Sun Microsystems Sales Miss Target

Sun Microsystems Inc. missed a lowered sales target in the third quarter, and although profit was in line with forecasts, the network computer maker said on Thursday it was not clear if the economic downturn it blamed for slow sales was ending.

``The results, sales and gross margins in particular, are a big disappointment versus expectations set in February. Clearly the environment for Sun's customers has deteriorated much more dramatically than they thought possible,'' Sanford Bernstein analyst Toni Sacconaghi commented after Sun released results.

Sales at Sun rose 2 percent to $4.1 billion from $4.0 billion last year in the third fiscal quarter, while operating earnings dropped by nearly half to $263 million, or 8 cents per share from $464 million, or 14 cents per share, in the quarter a year ago.

Sun had predicted on February 22 that it would earn 7-9 cents per share on a 10-13 percent year-on-year rise on sales, ranges that were below Wall Street's expectations at the time by as much as half.

Analysts had dropped their forecasts by this week to earnings in a range of 3-13 cents on sales of $4.45 billion, Thomson Financial/First Call research reported, and Sun said the consensus, adjusted to conform with Sun reporting changes, would have been 8 cents.

Sun soared over the last few years as companies threw together networks of its high-end computers to come to terms with the Internet, but the sudden technology slowdown has savaged growth rates that used to be the envy of the industry.

``Our results reflected the sharp decline in capital spending in the information technology sector, principally in the United States, although we did see some moderation of demand in Europe and Asia Pacific,'' Michael Lehman, Sun's chief financial officer and executive vice president, said in a statement.

Sun stock was steady in after hours trade at $21.01 on Instinet after a close of $20.71 on Nasdaq, where it had gained $2.13 in a rising market before the results were announced.

Sun shares have underperformed the American Stock Exchange Technology Hardware index by about 35 percent this year.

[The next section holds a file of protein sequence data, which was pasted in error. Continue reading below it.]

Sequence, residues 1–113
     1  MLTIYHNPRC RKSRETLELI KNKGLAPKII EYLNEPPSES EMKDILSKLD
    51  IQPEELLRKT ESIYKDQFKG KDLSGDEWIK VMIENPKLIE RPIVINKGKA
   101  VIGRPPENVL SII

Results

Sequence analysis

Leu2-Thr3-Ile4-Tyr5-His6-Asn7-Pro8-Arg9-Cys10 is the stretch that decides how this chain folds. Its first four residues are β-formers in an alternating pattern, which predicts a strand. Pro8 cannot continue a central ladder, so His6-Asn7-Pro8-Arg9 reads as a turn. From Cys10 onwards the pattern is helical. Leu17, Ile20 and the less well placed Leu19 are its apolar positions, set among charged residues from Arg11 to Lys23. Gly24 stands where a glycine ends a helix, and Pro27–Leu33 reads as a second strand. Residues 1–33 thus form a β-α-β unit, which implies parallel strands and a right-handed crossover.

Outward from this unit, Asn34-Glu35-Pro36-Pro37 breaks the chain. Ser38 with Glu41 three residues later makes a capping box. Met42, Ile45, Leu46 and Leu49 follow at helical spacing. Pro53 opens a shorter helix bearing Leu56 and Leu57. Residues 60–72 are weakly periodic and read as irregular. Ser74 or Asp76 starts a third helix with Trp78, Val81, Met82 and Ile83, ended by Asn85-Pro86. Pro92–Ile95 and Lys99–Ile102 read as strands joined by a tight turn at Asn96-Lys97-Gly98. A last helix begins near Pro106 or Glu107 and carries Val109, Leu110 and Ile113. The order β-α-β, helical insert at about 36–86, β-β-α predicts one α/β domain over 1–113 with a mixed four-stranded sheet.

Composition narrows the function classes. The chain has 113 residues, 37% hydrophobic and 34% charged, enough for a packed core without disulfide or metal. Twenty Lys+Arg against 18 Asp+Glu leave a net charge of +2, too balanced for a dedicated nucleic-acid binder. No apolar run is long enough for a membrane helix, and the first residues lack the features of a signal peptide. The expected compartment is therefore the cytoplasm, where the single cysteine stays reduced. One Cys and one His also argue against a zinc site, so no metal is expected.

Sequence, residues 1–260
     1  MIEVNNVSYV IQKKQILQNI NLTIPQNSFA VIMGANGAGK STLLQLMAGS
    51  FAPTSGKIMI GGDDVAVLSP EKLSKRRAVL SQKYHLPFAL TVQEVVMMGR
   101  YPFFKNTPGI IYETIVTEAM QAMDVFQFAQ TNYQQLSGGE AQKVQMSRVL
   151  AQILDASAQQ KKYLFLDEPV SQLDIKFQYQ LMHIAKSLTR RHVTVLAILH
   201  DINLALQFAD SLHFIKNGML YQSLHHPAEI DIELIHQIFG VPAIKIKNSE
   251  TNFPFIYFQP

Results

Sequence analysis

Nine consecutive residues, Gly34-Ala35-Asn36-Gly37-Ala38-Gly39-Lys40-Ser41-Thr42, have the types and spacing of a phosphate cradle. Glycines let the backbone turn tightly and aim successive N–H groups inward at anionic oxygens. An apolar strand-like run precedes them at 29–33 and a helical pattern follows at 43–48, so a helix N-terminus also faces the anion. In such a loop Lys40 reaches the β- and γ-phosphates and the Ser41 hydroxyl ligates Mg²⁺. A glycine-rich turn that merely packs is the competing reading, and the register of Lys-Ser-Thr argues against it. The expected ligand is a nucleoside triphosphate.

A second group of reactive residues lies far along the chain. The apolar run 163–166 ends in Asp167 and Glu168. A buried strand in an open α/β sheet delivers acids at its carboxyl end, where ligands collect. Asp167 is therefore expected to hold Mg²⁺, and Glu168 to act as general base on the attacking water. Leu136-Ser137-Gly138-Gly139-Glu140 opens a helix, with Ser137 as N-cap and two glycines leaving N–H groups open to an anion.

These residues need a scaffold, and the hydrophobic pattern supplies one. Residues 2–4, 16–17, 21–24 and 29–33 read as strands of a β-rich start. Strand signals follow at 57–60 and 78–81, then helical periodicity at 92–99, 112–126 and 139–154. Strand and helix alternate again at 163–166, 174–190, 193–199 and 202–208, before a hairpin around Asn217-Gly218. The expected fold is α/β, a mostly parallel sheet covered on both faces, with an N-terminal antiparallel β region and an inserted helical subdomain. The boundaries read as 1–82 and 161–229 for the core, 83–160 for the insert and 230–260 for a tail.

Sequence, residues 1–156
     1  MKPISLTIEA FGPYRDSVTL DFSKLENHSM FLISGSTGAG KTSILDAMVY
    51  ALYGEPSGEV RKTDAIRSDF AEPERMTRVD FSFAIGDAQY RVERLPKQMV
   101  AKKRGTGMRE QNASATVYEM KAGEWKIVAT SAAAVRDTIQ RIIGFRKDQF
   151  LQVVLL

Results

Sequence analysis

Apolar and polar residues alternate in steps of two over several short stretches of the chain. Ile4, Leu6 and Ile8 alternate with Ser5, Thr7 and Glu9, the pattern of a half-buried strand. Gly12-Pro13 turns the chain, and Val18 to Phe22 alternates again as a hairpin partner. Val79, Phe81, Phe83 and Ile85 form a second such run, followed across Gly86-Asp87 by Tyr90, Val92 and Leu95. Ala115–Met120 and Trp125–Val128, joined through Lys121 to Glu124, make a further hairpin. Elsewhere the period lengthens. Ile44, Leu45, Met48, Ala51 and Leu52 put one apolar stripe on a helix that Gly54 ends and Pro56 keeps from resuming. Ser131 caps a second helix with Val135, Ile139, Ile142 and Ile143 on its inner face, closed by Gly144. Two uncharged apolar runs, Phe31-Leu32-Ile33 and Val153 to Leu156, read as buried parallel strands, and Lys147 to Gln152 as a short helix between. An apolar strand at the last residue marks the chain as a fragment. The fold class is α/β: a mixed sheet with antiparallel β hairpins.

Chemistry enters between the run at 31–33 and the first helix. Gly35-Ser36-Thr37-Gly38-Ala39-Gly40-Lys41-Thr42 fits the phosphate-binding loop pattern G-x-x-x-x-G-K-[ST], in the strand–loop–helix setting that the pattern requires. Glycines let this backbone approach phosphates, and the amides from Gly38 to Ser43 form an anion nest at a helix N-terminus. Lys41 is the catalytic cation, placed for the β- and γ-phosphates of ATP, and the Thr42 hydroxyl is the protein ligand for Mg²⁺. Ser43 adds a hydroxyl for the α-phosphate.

Outlook Mixed

Lehman told a conference call that revenue would rise slightly in the fourth quarter, compared to the third, with per share earnings flat to slightly down.

But Lehman forecast that revenue would rise 15 percent next year and per share earnings outpacing that increase.

``That reflects the extremely difficult comparisons we have in the first half and the kind of economic environment we are in right now,'' he said, adding that much of next year's gains would be in the second half.

He also told Reuters in an interview that much of the increase was based on Sun's ability to outshine competitors.

``It is largely driven by the relatively competitive position. It certainly is somewhat predicated on a healthier macroeconomic conditions in the second half of the fiscal year,'' he said.

The gross profit margin, the profit after cost of sales as percentage of revenue, was 41.6 percent in the third quarter and would take a couple of quarters to return to the high 40s, Sun's long-term goal, he told the conference call. Gross margins should improve slightly in the fourth quarter.

Sun is focusing on flexibility since it cannot forecast the big economic picture, Scott McNealy, the chief executive, told the conference call.

``Nobody knows whether it is the beginning or end of any particular trend,'' he said, despite positive comments by a number of technology executives this week that it appeared the end of the economic downturn was at hand.

``The real issue is can you turn on a dime as the needle starts slamming back and forth.''